Are You A Motivational Manager?

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In this difficult job market, you would think that those who have a job would be happy to be employed and working hard to keep their job. The economy has put some employees in tough positions. Some are hanging on until they are old enough to retire and collect Social Security.  Some are unhappy and were planning on leaving when the recession hit, butnow they can’t find a job and move on.  There are others who don’t care one way or the other.  They show up, do their time and leave at the end of the workday.  Regardless of the situation, the workforce today isn’t very motivated, which can make it tough getting quality work with a positive attitude.


Managers can make the difference.  You may be in one of those categories yourself, just waiting for the job market to improve so you can make your great escape.  Don’t forget that how you do your job now will make a difference between a great reference from your boss or co-workers, a bad one or none at all.  A manager's attitude toward work can inspire and motivate his team.  Here are ways to put some spark in the team and get them working.


  1. Be competitive. How do your salaries stack up against other employers in the same industry or area? Talented employees deserve a fair wage. If it’s been awhile since your last wage survey, get current with salaries and make adjustments if necessary. With the cost of health plans, companies are looking for alternative plans and other benefits tailored to today’s employees. Ask your employees what kind of benefits they prefer. Make your employees part of the process. 
  2. Say thanks. Everyone occasionally needs a pat on the back. A small sign of appreciation goes a long way. It’s not always possible to give a salary increase or other monetary reward, but you can design an employee appreciation and recognition program to publicly thank employees for a job well done. Employees want to feel they are special. Be specific. Mention what the employee did and why it was important to the team or the organization.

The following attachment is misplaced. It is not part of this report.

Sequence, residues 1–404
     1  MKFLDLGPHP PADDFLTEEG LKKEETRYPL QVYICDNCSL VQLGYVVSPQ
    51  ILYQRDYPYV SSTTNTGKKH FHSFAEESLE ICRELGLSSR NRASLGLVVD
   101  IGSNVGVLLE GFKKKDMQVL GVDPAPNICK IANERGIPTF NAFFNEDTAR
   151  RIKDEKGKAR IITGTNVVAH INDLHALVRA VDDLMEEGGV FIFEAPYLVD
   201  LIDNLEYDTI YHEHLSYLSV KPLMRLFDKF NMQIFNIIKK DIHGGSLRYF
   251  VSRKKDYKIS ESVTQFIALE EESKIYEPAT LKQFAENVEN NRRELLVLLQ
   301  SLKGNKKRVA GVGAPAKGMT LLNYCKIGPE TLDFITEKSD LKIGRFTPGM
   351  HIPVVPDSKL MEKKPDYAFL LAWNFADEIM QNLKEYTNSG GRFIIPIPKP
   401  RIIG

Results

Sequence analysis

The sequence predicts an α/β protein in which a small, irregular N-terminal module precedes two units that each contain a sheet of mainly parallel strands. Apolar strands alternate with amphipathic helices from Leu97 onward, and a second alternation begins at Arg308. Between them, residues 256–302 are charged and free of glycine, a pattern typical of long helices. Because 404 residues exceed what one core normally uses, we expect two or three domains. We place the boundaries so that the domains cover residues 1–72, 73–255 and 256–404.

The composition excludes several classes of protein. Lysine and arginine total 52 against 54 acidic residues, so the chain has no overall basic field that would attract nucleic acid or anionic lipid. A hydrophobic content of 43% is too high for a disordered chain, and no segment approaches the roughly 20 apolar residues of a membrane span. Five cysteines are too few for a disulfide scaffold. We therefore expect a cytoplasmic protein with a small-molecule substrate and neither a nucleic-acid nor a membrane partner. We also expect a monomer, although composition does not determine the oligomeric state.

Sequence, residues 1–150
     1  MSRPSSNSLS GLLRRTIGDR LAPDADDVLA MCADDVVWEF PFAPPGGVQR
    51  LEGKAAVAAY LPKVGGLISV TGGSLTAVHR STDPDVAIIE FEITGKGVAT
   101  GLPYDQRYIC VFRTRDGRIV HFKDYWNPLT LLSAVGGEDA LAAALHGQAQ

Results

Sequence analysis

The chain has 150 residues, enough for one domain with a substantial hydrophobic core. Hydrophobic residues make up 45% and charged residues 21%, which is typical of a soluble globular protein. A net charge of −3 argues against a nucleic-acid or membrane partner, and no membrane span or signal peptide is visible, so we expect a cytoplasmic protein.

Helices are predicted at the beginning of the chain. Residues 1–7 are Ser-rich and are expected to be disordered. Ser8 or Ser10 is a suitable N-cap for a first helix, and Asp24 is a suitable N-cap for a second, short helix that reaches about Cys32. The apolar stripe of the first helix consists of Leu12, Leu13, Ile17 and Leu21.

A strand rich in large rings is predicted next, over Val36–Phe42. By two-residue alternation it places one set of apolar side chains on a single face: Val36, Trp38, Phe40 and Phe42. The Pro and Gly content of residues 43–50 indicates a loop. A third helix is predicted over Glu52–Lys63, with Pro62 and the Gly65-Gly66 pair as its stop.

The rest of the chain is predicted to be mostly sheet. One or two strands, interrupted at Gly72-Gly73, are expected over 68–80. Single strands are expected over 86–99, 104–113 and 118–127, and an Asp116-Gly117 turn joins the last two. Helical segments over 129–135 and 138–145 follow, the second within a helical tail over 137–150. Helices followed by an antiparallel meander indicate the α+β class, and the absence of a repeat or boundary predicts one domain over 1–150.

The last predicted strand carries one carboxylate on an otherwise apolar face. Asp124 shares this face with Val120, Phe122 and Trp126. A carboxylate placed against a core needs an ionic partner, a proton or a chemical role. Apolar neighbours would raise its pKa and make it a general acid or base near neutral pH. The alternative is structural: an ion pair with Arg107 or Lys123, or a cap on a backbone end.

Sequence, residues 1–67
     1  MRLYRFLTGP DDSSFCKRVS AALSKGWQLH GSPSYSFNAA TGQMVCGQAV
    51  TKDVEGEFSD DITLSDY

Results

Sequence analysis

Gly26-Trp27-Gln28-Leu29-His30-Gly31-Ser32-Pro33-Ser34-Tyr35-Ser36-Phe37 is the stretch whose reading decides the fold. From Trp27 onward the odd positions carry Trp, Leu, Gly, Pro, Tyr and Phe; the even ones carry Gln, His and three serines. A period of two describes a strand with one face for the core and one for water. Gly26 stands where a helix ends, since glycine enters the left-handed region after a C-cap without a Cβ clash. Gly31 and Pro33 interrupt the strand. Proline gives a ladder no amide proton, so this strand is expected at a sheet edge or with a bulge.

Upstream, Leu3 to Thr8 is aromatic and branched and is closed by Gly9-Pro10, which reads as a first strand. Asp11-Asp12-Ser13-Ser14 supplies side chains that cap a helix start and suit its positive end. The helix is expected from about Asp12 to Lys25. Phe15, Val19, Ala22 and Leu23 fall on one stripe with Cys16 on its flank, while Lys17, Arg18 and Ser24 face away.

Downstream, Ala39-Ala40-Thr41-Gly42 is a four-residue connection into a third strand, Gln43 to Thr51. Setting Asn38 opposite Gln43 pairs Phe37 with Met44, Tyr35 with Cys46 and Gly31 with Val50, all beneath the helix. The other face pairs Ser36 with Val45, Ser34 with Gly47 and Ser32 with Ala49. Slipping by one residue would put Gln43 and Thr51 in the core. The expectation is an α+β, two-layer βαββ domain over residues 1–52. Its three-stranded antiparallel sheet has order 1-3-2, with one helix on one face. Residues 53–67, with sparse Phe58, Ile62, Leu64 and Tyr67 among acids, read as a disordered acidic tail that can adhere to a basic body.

3. Give constructive feedback. Feedback shows you care about helping an employee succeed. It’s not criticism. Feedback is specific and lets a person know what they do well and ways they can improve. Don’t place blame for mistakes. No one is perfect. Mistakes are opportunities to face our weaknesses and begin to build new strengths. Everyone can improve in some aspect of their job.  Talk through the situation and ask the employee for suggestions on how they could have had a better outcome. Self-discovery is a valuable teacher. 
  4. Create a comfortable work environment. Companies like Facebook and Google are famous for their open offices, ping pong and foosball tables for fun, and afternoon naps for employees. You may not be able to set up a snooze room or put up a basketball court, but look for ways to make work less stressful and more enjoyable. A relaxed dress code where appropriate, flexible work schedules, time off to take care of family or child duties during the work day can make a big difference to someone who has more than work on his mind. Find out what kind of work environment increases employee motivation and try to make it happen. Less stress and more smiles make for a happier, friendlier and more productive workplace.

The toughest person to motivate may be you. Being positive is a choice. You owe it to your team to be a cheerleader and create a positive, supportive work environment.


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  • Ferd D
    Ferd D
    "In this difficult job market, you would think that those who have a job would be happy to be working and working hard to keep their job."  If that is a manager's attitude then he is a major part of the problem.  Your company is no better than the its employees, and unhappy employees create bad companies.  I'm glad that Mary suggests some remedies.  If employees are unhappy then it is possible that they are unreasonable, but it is just as possible that management is unreasonable.  So if you care about your future you’d better look at this from both perspectives.  

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